We need not guess at the identity of this Bridegroom nor be in doubt of His divine dignity, for the New Testament quotes our psalm when it speaks of the Son’s anointing by His Father: “But to the Son He says: / ‘Your throne, O God, is forever and ever; / A scepter of righteousness is the scepter of Your kingdom. / You have loved righteousness and hated lawlessness; / Therefore God, Your God, has anointed You / With the oil of gladness more than Your companions’” (Heb. 1:8, 9). This ‘anointed one’ (for such is the meaning of the name Messiah, or Christ) is Jesus, of whom the Apostles preached: “God anointed Jesus of Nazareth with the Holy Spirit and with power” (Acts 10:38).

Inasmuch as “the form of this world is passing away” (1 Cor. 7:31), then, a certain measure of detachment is necessary to prepare ourselves for the wedding feast of the King’s Son, a certain using of this world as though not using it, a refusal to take seriously its unwarranted claims on our final loyalty. So our psalm once again warns us: “Listen, O daughter. Consider and incline your ear; forget your own people also, and your father’s house. So the King will greatly desire your beauty. Because He is your Lord, worship Him.”

Sunday, August 16

Psalm 145: In traditional Christian usage, some lines of Psalm 145 (Greek and Latin 144) have made it a prayer popular and suitable for grace before meals: “The eyes of all men hope in You; in fitting season You give them food. Unfolding forth Your hands, You fill all living things with blessing.” This first line is translated very literally from the Greek text, for there is unusual force in portraying “hope” as an act of the eyes themselves.

This psalm of most exuberant praise is also the last one composed (in the original Hebrew) as an alphabetic acrostic, and perhaps it is the one that best illustrates the intent of that rhetorical medium. To begin each successive line of a psalm with the next letter of the alphabet is not simply a cute literary trick (as it is in, say, those two marvelous pages of Bleak House, where Charles Dickens rings the changes on the characters Boodle, Coodle, Doodle, Foodle, Goodle, and so forth, followed by Buffy, Cuffy, Duffy, etc.). In the Book of Psalms this device serves, rather, to state an aspiration to a truth—namely, that God is to be praised by every sort of sound, that every conceivable formulation of our throat and tongue and lips is to be directed to the divine glory, that no kind of intonation should be deprived of His presence.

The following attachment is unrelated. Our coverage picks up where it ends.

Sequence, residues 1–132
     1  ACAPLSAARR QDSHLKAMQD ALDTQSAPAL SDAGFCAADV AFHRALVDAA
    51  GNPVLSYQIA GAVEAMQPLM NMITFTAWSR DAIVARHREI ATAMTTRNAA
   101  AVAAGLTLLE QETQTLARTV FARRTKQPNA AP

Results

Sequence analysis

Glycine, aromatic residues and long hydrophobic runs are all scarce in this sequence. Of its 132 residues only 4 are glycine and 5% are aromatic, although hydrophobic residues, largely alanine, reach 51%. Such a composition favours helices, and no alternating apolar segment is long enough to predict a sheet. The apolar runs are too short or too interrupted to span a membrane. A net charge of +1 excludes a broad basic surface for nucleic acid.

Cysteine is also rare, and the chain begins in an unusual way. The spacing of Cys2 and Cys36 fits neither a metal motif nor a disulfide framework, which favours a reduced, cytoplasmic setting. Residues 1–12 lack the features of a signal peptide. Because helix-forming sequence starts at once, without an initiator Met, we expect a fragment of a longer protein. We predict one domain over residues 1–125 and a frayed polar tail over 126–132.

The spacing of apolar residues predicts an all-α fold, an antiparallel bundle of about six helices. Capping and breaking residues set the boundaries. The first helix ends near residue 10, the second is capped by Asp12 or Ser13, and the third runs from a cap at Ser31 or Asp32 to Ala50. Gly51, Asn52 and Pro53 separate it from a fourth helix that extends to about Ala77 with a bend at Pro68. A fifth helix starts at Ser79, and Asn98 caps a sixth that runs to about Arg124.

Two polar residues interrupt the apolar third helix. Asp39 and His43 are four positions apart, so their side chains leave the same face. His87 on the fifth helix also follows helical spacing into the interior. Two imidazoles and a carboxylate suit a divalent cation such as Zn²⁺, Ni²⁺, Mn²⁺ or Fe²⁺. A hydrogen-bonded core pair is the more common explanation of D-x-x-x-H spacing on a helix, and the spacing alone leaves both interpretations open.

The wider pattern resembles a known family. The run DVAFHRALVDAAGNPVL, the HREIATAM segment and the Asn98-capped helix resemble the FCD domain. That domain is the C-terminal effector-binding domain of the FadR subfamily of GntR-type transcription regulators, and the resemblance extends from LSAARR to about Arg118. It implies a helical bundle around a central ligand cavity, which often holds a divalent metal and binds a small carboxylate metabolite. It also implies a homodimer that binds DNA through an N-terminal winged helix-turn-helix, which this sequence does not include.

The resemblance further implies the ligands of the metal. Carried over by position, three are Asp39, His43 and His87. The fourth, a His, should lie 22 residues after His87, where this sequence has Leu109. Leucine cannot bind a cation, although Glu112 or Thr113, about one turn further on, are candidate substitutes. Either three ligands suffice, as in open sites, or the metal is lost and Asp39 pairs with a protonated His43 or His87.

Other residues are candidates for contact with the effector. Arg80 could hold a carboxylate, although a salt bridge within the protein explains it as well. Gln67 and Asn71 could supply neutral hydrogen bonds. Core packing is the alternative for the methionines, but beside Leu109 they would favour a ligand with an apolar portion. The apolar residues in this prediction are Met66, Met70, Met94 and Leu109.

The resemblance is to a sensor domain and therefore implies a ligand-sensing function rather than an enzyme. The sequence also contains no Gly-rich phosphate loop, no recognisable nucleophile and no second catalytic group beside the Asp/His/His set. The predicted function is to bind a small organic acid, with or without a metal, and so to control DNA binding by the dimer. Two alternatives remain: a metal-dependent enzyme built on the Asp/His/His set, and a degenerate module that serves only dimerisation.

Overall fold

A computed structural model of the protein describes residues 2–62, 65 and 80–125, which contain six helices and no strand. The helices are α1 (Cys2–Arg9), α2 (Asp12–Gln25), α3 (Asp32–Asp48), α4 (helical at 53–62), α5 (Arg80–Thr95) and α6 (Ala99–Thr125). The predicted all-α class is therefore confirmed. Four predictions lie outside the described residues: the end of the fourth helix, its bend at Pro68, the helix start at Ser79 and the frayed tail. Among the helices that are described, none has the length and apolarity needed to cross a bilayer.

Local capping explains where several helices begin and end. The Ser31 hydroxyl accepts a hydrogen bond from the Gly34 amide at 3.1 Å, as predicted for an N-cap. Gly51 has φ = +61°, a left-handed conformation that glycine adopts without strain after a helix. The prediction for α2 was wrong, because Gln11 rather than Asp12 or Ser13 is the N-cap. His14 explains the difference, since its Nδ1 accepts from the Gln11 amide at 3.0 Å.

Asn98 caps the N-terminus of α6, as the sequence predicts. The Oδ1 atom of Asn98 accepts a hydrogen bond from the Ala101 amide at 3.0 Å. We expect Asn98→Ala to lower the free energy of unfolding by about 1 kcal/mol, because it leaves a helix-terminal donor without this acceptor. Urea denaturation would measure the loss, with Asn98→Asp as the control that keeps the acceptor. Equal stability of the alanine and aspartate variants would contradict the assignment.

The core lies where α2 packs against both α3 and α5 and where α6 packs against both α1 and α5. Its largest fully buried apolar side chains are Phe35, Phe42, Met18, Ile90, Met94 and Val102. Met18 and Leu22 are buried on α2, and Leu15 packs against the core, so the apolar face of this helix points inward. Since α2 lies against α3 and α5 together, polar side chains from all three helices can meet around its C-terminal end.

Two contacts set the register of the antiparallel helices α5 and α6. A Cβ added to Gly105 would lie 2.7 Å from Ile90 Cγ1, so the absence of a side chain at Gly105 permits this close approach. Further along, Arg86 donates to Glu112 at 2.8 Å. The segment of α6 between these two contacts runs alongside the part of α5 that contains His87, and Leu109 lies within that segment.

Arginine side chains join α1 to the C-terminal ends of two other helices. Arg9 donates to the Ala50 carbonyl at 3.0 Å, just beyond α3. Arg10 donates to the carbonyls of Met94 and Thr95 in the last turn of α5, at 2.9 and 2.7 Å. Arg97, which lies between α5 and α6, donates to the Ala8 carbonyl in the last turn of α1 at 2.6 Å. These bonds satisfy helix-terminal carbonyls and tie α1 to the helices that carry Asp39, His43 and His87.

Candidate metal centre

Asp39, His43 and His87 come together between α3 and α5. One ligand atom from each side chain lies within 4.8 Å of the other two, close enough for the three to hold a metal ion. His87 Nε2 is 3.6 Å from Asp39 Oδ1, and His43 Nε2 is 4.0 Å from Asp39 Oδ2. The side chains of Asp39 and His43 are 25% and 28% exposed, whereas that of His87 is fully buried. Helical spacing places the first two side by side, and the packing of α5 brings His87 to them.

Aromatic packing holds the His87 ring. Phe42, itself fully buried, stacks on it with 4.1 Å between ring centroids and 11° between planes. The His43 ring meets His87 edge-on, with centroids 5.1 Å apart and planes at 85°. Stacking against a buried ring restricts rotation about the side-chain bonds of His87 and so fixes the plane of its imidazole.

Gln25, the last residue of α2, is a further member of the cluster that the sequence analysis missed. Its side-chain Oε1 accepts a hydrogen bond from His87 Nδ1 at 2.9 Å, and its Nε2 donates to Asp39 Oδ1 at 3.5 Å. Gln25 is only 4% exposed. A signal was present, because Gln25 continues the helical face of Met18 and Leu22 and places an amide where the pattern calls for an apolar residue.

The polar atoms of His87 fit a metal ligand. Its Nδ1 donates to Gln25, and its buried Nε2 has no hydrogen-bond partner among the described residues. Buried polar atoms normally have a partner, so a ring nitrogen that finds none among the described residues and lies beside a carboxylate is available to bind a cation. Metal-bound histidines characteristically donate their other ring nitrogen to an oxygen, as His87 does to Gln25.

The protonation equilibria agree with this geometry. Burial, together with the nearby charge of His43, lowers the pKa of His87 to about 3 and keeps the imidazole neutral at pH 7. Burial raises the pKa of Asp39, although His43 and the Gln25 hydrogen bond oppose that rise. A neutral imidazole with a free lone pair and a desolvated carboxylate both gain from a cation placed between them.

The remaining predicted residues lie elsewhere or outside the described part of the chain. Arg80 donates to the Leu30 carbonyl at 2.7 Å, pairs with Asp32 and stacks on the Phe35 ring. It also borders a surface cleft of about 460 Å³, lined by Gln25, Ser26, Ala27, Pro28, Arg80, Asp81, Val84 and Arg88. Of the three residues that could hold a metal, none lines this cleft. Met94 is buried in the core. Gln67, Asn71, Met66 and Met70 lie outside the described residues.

And Psalm 145 conveys this verity in grand style. Indeed, this psalm so overflows with rich, resonating magnificence that it is nearly a crime simply to r
ecite it. The very luxury of the sounds needs to be tasted, the mouth and throat filled by its glory. I confess that for many years I have habitually sung this psalm in the shower (always in the eighth tone).

The dominating ideas appear repeatedly, variously combined and in endless replications: benediction, magnificence, glory, abundance, majesty. To speak of “restraints” imposed on this psalm by reason of its acrostic form (as one curiously benighted commentator does) is a judgment belied by every line. There are no discernible restraints in this most prodigal of psalms. Psalm 145 is sumptuous and extravagant. It is an earthly taste of the very joy of heaven.

The previous psalm, as we saw, was much taken up with the image of Christ as King, a theme that Psalm 144 is pleased to carry forward: “I will extol You, O my God and King; Your name will I bless forever, and from age to age! Every day will I bless You and praise Your name, always and for ever and ever. Great is the Lord, and greatly to be praised; there is no measure to His majesty. . . . O let them bless You, Lord, all Your works, and let Your saints extol You! They shall tell the glory of Your kingdom, and Your sovereignty (literally “dynasty,” dynasteia) will they proclaim, that the sons of men may know Your might, and the glory of the magnificence of Your kingdom. An eternal kingdom is Your kingdom; Your authority holds sway, from age to age.”

Psalm 145 is the voice of the new life within us, that life of which Jesus said, “I have come that they may have life, and that they may have it more abundantly” (John 10:10). Each mounting crescendo of this psalm abounds with the life of the victorious Christ: “Generation after generation will praise Your deeds, and make declaration of Your might. The magnificence of the glory of Your holiness they will tell, and Your wonders will they proclaim. They will speak the power of Your fearsome deeds, and expound on Your magnificence. They will herald the remembrance of Your goodness, and in Your righteousness will they exult.”

The God praised in this psalm is praised chiefly for His great and rich mercy: “Compassionate is the Lord and merciful, longsuffering and abounding in mercy. Gracious is the Lord to all alike; His compassions rest on all His works.”